Making comparisons—we all do it.
We’re taught this skill as a positive thing from the time we’re young. So why is it able to have such a negative outcome when we get older? Comparing ourselves to others can lift us to a point of superiority or reduce us to tears over self-imposed feelings of inferiority.
But does it have to be this way? Is there a way to turn this common action into something godly and beneficial?
To Review (from Part 1):
There’s nothing wrong with simply comparing two people.
- She’s thinner.
- He’s more skilled at fixing things.
- She’s a better cook.
The trouble comes when we add value to the comparison.
- She’s thinner and is therefore more attractive, which makes her a better woman.
- He’s more skilled at fixing things and is therefore a better man.
- She’s a better cook, which makes her a better wife and a better woman.
If we come out on the “less than” side of things, we may feel terrible about ourselves and resent the one who is “better than.” We may also lose sight of the strengths we do possess as we spiral down into a void of self-pity.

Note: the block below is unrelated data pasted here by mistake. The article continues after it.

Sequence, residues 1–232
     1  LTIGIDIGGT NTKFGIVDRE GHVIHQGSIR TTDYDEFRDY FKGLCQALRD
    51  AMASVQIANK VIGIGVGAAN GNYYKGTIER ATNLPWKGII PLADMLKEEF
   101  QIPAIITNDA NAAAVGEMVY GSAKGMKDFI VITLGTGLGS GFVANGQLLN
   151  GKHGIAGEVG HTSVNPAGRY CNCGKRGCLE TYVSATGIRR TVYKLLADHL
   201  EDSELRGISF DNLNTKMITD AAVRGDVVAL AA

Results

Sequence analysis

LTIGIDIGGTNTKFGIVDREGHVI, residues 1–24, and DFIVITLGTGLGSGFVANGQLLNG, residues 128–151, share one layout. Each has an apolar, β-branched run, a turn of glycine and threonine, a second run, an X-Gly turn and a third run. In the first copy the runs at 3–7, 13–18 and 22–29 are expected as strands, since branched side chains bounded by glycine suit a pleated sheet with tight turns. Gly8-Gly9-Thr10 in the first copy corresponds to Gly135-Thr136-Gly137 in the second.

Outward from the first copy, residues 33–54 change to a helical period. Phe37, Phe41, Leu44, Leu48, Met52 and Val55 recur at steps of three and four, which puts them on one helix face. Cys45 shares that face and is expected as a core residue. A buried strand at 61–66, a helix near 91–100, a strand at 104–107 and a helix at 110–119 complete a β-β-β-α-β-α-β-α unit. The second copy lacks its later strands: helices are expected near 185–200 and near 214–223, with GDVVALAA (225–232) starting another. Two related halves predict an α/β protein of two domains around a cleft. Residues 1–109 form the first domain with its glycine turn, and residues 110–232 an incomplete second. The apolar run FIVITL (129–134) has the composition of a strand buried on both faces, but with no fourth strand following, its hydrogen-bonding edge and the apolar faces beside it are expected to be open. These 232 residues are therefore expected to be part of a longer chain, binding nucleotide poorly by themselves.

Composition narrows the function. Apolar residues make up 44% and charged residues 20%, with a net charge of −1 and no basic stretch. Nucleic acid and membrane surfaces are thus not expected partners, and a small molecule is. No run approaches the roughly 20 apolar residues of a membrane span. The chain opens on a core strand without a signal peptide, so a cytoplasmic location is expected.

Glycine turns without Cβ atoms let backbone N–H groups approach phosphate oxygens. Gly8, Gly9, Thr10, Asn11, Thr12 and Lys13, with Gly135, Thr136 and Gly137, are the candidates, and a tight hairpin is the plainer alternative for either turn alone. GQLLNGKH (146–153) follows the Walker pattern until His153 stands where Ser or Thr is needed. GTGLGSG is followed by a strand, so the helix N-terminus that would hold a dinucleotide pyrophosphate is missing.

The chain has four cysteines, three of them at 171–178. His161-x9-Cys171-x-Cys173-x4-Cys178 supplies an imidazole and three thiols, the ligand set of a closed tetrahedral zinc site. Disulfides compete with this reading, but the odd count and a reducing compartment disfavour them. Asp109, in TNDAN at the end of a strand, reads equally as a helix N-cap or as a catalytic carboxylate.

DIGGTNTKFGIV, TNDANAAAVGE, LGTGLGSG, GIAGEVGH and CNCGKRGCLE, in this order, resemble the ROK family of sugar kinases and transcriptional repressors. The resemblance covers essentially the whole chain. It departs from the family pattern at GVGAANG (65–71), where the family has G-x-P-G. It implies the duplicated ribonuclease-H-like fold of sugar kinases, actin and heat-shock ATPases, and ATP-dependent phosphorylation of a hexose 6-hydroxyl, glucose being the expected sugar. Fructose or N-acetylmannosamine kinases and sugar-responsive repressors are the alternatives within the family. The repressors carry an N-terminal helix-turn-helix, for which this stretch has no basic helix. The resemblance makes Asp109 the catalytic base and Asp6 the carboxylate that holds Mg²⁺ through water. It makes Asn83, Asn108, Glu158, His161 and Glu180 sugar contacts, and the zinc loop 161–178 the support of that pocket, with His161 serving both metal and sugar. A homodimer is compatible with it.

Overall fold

If we come out on the “better than” side, we may feel momentarily great as we bask in our superiority over another human, but this good feeling can soon turn to hate as we start to despise the other person’s weakness.
From Weakness to Strength
How can we move beyond value-based comparison to the point of rejoicing in the people God has created us and others to be? How can we reverse the trend and turn something with the potential to be so destructive into something that can be incredibly life-giving?
- Subtract the value.
Before we can address a problem, we need to recognize the problem does, in fact, exist. What values are we adding to our comparisons? Let’s take a moment to identify those so we can get rid of them. No longer does my friend being a better cook make her a better wife and therefore a superior person to myself. It simply means she’s more skilled at cooking.
- Look beyond yourself.
Though this may seem counter-intuitive in our self-esteem, self-actualization, self-you-name-it culture, it actually is the best next step. In order to turn comparison into something positive, we need to get beyond our solitary perspective. We need to see ourselves and others through God’s eyes. In His eyes, we are incredibly loved and have infinite value. He created us each to be beautifully unique individuals. We are “fearfully and wonderfully made” (Psalm 139:14, NASB).
- Rejoice in and Encourage Others in Their Strengths